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Publication numberUS7779961 B2
Publication typeGrant
Application numberUS 11/943,148
Publication dateAug 24, 2010
Filing dateNov 20, 2007
Priority dateNov 20, 2006
Fee statusPaid
Also published asUS20080116005
Publication number11943148, 943148, US 7779961 B2, US 7779961B2, US-B2-7779961, US7779961 B2, US7779961B2
InventorsFrançois Matte
Original AssigneeMatte Francois
Export CitationBiBTeX, EndNote, RefMan
External Links: USPTO, USPTO Assignment, Espacenet
Exhaust gas diffuser
US 7779961 B2
Abstract
The diffuser can be used at an end of a vehicle exhaust system. The diffuser can have a generally hollow body with an inlet for receiving exhaust gasses from a substantially vertically-extending component of the vehicle exhaust system, and a substantially flat outlet grate through which the exhaust gasses are to be released to the atmosphere, the outlet grate being configured and adapted for use in a roof of the vehicle, in an aligned position therewith, with the hollow body of the diffuser positioned inside the vehicle and below the outlet grate.
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Claims(14)
1. A diesel engine vehicle having a passenger area surrounded by walls and covered by a roof, a chamber inside the walls and partitioned from the passenger area, and a heat-emitting exhaust treatment unit having an outlet extending upwardly inside the chamber, and a diffuser having a hollow body having a proximal end, and a distal end oriented at least partially toward a forward direction of the vehicle relative to the proximal end, a diffuser inlet at the proximal end being connected to an exhaust pipe of the exhaust treatment unit, and a flat outlet grate extending above the hollow body of the diffuser, between the proximal end and the distal end, and oriented parallel to and positioned flush with a surrounding portion of the roof, the flat outlet grate forming a diffuser outlet leading out from the roof of the vehicle, the flat outlet grate also comprising vanes oriented at least partially toward a rear direction of the vehicle; further comprising a closure pivotally mounted within the hollow body, the closure being pivotally biased towards a closed position, against the inlet, the closure being pivotable into an open position, against the bias, by a force exerted by exhausting gasses.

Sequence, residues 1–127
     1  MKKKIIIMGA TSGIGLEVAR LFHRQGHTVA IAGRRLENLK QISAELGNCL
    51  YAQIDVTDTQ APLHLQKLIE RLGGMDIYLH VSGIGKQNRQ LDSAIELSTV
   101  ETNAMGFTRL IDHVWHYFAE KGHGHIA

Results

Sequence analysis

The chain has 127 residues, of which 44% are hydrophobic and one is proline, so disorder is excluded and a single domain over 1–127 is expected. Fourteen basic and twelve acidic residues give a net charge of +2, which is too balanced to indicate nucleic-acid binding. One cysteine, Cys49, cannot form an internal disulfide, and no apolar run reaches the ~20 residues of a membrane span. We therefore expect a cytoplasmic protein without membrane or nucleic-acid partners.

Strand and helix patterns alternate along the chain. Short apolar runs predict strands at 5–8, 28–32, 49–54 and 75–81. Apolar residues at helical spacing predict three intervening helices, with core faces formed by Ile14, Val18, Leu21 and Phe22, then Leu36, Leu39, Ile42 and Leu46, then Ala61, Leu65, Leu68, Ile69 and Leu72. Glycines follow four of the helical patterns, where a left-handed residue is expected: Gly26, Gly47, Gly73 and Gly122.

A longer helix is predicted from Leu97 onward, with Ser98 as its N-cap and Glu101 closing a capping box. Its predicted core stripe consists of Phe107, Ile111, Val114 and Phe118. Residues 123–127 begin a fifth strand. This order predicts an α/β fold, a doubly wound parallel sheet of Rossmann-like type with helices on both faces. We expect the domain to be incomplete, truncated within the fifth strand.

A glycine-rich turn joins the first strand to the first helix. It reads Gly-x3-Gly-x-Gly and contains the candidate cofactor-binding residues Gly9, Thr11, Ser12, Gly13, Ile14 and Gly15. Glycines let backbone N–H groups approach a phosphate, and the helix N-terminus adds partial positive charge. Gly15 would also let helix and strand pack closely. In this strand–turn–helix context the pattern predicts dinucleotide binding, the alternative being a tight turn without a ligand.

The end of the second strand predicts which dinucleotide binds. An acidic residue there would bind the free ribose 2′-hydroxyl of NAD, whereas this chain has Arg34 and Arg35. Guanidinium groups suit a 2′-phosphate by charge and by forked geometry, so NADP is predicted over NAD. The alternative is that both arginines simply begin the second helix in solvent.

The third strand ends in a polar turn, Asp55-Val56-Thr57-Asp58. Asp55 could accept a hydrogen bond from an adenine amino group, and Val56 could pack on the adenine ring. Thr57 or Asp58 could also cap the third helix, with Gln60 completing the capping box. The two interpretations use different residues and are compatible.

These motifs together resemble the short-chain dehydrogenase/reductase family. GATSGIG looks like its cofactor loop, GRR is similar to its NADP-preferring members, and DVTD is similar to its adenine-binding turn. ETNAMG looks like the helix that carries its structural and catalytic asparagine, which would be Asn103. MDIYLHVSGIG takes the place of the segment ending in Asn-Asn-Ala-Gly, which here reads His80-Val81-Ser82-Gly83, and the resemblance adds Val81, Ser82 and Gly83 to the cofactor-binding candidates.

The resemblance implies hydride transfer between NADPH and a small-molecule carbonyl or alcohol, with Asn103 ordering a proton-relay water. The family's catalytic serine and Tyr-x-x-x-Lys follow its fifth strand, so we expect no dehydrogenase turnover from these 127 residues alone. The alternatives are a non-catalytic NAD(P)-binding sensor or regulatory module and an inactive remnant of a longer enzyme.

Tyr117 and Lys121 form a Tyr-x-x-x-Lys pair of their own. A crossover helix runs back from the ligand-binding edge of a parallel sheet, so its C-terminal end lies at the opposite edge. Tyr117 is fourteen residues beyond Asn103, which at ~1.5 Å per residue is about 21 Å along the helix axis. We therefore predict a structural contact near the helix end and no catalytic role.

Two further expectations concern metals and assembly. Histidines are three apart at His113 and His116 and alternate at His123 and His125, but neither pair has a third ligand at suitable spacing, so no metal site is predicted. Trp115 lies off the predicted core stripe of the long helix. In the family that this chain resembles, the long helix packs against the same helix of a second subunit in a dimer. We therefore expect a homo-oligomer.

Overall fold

2. A diesel engine vehicle having a passenger area surrounded by walls and covered by a roof, a chamber inside the walls and partitioned from the passenger area, and a heat-emitting exhaust treatment unit having an outlet extending upwardly inside the chamber, and a diffuser having a hollow body having a proximal end, and a distal end oriented at least partially toward a forward direction of the vehicle relative to the proximal end, a diffuser inlet at the proximal end being connected to an exhaust pipe of the exhaust treatment unit, and a flat outlet grate extending above the hollow body of the diffuser, between the proximal end and the distal end, and oriented parallel to and positioned flush with a surrounding portion of the roof, the flat outlet grate forming a diffuser outlet leading out from the roof of the vehicle, the flat outlet grate also comprising vanes oriented at least partially toward a rear direction of the vehicle; wherein the hollow body has a lower recess having a drain, and is shaped for channeling liquids toward the drain under the effect of gravity.
3. A diesel engine vehicle having a passenger area surrounded by walls and covered by a roof, a chamber inside the walls and partitioned from the passenger area, and a heat-emitting exhaust treatment unit having an outlet extending upwardly inside the chamber, and a diffuser having a hollow body having a proximal end, and a distal end oriented at least partially toward a forward direction of the vehicle relative to the proximal end, a diffuser inlet at the proximal end being connected to an exhaust pipe of the exhaust treatment unit, and a flat outlet grate extending above the hollow body of the diffuser, between the proximal end and the distal end, and oriented parallel to and positioned flush with a surrounding portion of the roof, the flat outlet grate forming a diffuser outlet leading out from the roof of the vehicle, the flat outlet grate also comprising vanes oriented at least partially toward a rear direction of the vehicle; wherein the hollow body is wedge-shaped, and the inlet is provided opposite a tip of the wedge shape.